10 "Common" Interview Questions & Answers

Over the next few weeks we are going to share some tips to help you succeed in your next interview. Today we're going to go over common interview questions and how you should prepare to answer them. These are questions that you will typically hear throughout various stages of the interview process. We recommend that you prepare ahead of time for these questions, which will facilitate your ability present the best you in your interview.

Question One: Tell me about yourself?

Your answer should be no more than two to three minutes. Be clear, concise, and logical in your delivery. Pick a specific starting point, and whenever possible, illustrate positives instead of negatives and accomplishments rather than failures. 

Question Two: Why are you leaving your current position?

This is a tough question. You never want to talk in the negative about any aspect of your previous employer, while not coming across as a sales person. Fired? Just say so, and talk about what you learned and will change moving forward. Whatever your answer, be truthful and talk in the positive. 

Question Three: What do you like or dislike most about your current position?

Be careful with your answer, specifically in regards to things you dislike. The interviewer is probing to see if there are potential obstacles with their open position. Instead, utilize this as an opportunity to talk about the positives of your previous position; learned technical skills, challenges and areas of personal growth. The golden rule is not to talk in the negative about previous or current management, and always present a positive image.

Question Four: What are your most significant strengths?

Be prepared with at least three specific strengths. You will want to qualify the strengths with specific examples and quantifiable accomplishments. Discuss strengths that would be applicable, advantageous to the open position and facilitate results in regards to your performance.

Question Five: What are your most significant weaknesses?

Provide areas that you have identified and been working on to improve. You can actually turn it into a positive or strength if you can communicate specific improvement. The goal is to turn the fault into a character quality.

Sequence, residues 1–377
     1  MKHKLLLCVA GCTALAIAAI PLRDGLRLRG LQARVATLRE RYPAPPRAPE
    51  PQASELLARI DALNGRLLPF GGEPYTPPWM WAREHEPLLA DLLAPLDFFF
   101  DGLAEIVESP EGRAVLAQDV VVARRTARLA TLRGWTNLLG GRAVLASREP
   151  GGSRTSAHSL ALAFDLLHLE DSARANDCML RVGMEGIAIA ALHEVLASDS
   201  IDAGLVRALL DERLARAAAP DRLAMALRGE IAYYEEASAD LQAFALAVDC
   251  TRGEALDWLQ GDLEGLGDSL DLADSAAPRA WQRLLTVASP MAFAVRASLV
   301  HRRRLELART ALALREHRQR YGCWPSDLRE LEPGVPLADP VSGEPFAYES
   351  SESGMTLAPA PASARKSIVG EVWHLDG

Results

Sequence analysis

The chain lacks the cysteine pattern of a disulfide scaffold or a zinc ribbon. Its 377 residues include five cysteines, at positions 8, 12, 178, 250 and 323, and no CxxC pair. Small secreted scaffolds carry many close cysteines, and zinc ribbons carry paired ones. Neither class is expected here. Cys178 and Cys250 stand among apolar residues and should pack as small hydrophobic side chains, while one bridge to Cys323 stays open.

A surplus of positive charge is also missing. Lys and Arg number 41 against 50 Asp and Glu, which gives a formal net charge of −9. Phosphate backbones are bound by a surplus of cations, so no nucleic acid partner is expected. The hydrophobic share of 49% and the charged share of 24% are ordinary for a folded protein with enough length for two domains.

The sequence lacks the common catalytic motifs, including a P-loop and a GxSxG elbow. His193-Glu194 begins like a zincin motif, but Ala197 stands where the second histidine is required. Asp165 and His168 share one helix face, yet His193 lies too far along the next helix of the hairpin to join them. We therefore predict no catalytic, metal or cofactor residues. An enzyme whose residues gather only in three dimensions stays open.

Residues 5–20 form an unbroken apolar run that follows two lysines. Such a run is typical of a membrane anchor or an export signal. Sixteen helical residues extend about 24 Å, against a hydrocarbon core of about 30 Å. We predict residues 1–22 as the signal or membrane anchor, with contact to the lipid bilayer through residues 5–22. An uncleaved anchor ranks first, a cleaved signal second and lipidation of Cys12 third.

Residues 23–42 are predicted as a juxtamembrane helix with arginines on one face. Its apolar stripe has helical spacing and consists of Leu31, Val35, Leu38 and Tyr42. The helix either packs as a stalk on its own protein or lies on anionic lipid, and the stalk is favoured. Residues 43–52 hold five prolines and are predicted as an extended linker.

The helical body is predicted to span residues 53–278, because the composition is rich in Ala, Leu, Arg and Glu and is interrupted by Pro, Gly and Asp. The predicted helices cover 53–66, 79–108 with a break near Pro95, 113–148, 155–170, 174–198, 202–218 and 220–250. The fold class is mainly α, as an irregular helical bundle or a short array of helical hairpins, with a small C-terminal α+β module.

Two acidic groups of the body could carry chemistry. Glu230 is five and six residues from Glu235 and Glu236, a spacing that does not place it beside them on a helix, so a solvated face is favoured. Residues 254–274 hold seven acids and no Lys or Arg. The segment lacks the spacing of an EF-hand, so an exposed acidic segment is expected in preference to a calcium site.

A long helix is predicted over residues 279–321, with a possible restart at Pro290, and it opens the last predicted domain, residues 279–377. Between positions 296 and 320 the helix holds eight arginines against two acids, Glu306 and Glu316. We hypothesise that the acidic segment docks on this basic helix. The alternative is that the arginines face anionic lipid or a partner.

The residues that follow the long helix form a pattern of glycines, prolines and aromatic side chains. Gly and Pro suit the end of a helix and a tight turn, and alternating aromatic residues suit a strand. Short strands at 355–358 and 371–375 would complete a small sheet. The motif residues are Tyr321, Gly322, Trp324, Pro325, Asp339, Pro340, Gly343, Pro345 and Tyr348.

Question Six: What is your most significant career accomplishment?

This is an important answer. Your past performance and accomplishments are the best indicator of future performance! Prepare an answer that goes into who, what, where and why of the accomplishment and relate the results it had on the organization. Talk about the details and your personal involvement if it was a team accomplishment.

Question Seven: How do you work under pressure and stress?

It is important to illustrate your ability to perform in pressure and stressful situations. People who are top performers have the ability to work well under pressure. It is recommended that you provide a specific example of an accomplishment in a stressful situation, why it was stressful and the details of how you overcame the adversity.

Question Eight: Why should we hire you for this position?

Your objective is to summarize the qualities and strengths you bring to the organization, show how your past accomplishments predict your success in the role and most importantly, reveal how you can help them overcome the immediate challenges in the position. You want to let them know that you feel confident about your ability to make a contribution to the team, but not come across as egotistical.

Question Nine: Describe a situation in which you failed.

It is important to recognize that the best people in business fail. You have to be able to communicate the failure, the potential effect on the organization and most critical, how you overcame the failure and succeeded. The interviewer is trying to gauge your ability to recognize your mistakes and how you react when faced with adversity.

Question Ten: What are your career goals?

Where do you see yourself in five years? Be honest and realistic with yourself. Think about where you want to be in five years and communicate that answer to the interviewer. Be careful not to tell them what you think they want to hear because this can get you into trouble. Your answer should incorporate that if given the opportunity you want to still be with the organization in a role allowing you to make an even stronger contribution with greater responsibility.

Before your interview practice these questions. If possible, practice your answers in front of a mirror or another person.  Practicing your answers will give you more confidence in your ability to interview. Do you have an interview question you need help with or advice to give other people with their interviews? Leave it in the comments.